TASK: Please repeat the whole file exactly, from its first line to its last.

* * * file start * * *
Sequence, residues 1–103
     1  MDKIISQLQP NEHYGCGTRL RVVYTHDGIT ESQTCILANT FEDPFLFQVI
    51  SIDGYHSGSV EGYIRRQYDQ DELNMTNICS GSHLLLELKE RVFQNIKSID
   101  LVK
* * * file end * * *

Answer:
Sequence, residues 1–103
     1  MDKIISQLQP NEHYGCGTRL RVVYTHDGIT ESQTCILANT FEDPFLFQVI
    51  SIDGYHSGSV EGYIRRQYDQ DELNMTNICS GSHLLLELKE RVFQNIKSID
   101  LVK